Now Available to View:
1943 “Marching Men” Digitized Films
The Archives and Special Collections staff has digitized four film reels titled “Marching Men on the Campus” with photography work by Ray Winans. The film shows the training and “marching” of the Army Air Corps 323rd college training detachment that trained on the campus in 1943. Highlights included the men doing calisthenics and marching wearing gas masks, an unsettling scene given the idyllic campus surroundings. (springfield.edu/marchingmen)
To the Editor,
I am moved to read your memorial for the Rev. Dr. Samuel N. Slie. I knew about Sam Slie years ago, but nothing of his WWII experience or his return to post-war Italy to volunteer in work camps with the American Friends Service Committee.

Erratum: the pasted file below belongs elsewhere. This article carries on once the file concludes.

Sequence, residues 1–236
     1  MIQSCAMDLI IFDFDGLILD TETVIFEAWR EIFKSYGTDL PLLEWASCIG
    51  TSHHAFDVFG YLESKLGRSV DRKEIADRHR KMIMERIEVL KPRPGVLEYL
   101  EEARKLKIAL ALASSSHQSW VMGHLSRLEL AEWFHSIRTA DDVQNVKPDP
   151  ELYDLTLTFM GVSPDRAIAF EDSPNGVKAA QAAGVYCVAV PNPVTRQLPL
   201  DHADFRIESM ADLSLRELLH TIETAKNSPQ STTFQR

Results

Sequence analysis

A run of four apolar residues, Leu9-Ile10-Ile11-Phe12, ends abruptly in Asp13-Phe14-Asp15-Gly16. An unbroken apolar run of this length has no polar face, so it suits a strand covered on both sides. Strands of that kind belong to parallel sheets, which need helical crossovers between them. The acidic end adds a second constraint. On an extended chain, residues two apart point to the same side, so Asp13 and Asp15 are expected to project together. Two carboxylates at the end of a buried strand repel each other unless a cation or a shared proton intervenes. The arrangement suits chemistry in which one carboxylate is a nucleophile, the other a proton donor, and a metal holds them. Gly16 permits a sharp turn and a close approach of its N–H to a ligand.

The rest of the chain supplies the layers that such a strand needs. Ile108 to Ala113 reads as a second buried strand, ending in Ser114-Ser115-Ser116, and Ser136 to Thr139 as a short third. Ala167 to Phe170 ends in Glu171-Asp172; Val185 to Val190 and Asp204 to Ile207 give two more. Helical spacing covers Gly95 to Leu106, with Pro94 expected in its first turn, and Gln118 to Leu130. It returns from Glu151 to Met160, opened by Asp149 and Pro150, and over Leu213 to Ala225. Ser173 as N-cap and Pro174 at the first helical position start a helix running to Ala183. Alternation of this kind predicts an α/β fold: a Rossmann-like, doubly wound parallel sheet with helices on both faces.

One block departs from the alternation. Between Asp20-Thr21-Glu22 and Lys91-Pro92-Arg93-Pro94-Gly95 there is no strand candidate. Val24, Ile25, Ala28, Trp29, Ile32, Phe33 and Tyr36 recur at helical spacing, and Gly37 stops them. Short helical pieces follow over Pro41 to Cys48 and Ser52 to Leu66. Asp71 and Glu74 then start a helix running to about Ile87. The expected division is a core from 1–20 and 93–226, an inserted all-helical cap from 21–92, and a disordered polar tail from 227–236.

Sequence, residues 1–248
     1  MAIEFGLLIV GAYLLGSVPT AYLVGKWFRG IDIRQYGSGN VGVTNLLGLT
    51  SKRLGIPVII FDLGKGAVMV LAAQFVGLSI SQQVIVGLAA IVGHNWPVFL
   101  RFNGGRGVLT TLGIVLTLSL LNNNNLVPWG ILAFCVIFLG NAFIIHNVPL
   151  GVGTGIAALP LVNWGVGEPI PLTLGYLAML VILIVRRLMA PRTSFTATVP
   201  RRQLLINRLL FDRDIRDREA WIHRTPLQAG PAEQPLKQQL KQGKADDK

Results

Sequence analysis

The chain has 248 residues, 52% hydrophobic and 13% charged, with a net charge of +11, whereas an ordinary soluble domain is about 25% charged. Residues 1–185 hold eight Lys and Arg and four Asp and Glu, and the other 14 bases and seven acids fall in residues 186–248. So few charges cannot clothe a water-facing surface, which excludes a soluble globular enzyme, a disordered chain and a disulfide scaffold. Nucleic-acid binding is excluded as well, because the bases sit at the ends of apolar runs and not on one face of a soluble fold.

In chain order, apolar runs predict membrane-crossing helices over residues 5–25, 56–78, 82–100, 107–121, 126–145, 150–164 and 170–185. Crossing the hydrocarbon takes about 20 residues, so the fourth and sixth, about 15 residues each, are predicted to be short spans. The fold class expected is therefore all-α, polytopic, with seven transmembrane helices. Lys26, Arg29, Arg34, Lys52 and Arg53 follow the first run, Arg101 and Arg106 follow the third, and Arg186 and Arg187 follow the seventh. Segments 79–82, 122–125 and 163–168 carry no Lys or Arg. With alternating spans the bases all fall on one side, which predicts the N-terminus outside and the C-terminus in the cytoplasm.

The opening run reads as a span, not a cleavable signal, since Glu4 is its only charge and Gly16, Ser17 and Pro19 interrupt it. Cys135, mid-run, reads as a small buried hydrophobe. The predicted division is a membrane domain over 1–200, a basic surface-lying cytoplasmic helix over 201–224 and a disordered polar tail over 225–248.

I carried an AFSC work camp flier through Bates College telling its history of post-war remediation/reconciliation volunteer youth programs. It inspired me to join Ecumenical Voluntary Services to help build a road in the Ryukyu Islands (now southern Japan) in 1961, to ultimately teach with International Voluntary Service in Vietnam [from] 1967-68, and to stay involved with post-war reconciliation efforts.
Sam Slie’s vocation in renowned campus and urban ministries embodies Springfield’s YMCA/Humanics ethic. Reading about his war-time, Springfield College, and AFSC history gives valuable context to his remarkable and generous life ...